Words of Advice:

"Never Feel Sorry For Anyone Who Owns an Airplane."-- Tina Marie

"
If Something Seems To Be Too Good To Be True, It's Best To Shoot It, Just In Case." -- Fiona Glenanne

"
Flying the Airplane is More Important than Radioing Your Plight to a Person on the Ground
Who is Incapable of Understanding or Doing Anything About It.
" -- Unknown

"There seems to be almost no problem that Congress cannot, by diligent efforts and careful legislative drafting, make ten times worse." -- Me

"What the hell is an `Aluminum Falcon'?" -- Emperor Palpatine

"Eck!" -- George the Cat

Friday, January 1, 2016

Because It's Friday

Ozzie steam:


Garratts look weird to my eye.

3 comments:

CenterPuke88 said...

Never even heard of this style before. Seems an unnecessary complication to have to provide steam to two motive sections from a central boiler, but...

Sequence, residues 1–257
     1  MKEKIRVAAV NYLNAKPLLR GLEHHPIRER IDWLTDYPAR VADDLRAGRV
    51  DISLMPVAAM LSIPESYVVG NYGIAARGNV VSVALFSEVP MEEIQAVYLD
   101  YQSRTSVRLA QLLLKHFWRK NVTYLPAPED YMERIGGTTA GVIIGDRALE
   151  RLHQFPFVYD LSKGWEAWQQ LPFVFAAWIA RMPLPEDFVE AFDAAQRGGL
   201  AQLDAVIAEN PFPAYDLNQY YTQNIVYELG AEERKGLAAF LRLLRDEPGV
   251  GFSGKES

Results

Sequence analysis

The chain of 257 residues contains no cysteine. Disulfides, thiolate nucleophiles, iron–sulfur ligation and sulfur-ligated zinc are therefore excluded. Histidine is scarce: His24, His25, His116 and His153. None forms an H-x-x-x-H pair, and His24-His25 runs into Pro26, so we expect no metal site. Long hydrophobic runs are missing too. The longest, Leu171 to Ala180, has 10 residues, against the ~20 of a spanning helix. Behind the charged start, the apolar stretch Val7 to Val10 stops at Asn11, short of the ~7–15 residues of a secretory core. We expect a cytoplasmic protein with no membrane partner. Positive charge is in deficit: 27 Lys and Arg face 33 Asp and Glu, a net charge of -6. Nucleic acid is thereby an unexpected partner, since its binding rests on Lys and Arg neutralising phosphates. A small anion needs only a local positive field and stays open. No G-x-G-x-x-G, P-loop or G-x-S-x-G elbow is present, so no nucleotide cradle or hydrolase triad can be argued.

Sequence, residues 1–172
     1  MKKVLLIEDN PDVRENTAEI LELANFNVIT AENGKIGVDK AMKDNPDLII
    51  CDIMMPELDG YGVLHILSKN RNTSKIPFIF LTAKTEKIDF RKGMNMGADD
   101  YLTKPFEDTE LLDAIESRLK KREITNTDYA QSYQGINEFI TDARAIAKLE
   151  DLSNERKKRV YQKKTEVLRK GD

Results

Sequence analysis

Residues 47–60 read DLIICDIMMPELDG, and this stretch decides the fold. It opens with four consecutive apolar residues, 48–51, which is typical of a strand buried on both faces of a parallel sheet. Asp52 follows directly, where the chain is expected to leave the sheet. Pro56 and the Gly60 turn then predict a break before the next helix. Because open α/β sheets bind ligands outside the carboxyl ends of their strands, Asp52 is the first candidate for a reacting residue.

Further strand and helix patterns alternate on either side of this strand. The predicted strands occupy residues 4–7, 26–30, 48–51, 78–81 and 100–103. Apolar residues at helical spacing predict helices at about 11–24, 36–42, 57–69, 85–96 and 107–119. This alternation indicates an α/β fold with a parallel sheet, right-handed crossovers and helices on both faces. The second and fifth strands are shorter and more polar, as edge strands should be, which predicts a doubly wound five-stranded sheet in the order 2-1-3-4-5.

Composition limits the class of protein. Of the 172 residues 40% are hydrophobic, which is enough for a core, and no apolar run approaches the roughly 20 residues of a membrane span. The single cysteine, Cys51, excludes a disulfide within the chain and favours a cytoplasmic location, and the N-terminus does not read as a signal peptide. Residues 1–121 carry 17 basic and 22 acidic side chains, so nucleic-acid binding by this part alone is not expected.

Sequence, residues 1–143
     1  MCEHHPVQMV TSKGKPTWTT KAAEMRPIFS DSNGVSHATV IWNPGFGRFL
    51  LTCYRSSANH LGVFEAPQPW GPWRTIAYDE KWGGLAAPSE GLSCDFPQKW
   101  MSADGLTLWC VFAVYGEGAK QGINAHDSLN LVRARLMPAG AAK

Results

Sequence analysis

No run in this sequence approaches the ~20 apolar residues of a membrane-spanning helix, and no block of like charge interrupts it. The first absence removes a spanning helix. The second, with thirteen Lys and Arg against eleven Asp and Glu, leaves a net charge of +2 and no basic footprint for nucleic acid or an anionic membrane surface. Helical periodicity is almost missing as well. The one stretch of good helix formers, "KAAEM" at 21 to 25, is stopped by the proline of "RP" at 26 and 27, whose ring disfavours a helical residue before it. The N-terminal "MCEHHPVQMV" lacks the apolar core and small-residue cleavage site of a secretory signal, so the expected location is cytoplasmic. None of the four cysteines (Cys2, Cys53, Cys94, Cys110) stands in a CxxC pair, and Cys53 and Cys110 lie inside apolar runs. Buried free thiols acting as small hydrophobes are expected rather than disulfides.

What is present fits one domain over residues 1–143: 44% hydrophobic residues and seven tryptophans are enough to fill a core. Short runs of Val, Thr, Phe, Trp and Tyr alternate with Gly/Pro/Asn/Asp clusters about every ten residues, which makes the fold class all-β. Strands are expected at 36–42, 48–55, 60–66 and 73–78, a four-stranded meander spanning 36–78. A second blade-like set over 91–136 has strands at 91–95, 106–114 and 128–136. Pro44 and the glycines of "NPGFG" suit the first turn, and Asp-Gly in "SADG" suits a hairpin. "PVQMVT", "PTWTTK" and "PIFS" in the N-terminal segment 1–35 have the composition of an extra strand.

And,,yes, it don't look "right".

Comrade Misfit said...

I would have thought it simpler, on at least the Aussie one, to have the cylinders closer to the boiler. Less piping and it might have made the blastpipe more efficient.

Eck! said...

heh! The cylinders closer to the boiler were tried. The crew were
not happy about the heat.

Yes they do look misshapen.

Turns out that Garretts were still in the optimization stage even
late in the game. For all the other styles there were critical
dimensions (height, width, length, and weight) that were maximum
performance limiting. Garratts has a little room for expansion.
Example despite the size of the firebox at one end if the boiler
is long because it can't be made a greater diameter the amount
of heat extracted at the stack end is low. Its an efficiency
battle.

Unlike the Mallet which swing out and makes for balance issues at
speed in a curve the Garratts straddle in, a better direction for
balance. Both cases have issues with tight turns and clearances.

Look at all the large engines be they Decapods, Triplex, Shay,
Mallets, or Garratts complexity is a standing matter of fact.
Even the modern oil burners still have the same challenge of
greatest possible tractive effort for the gallon of fuel or
lump of coal.

Eck!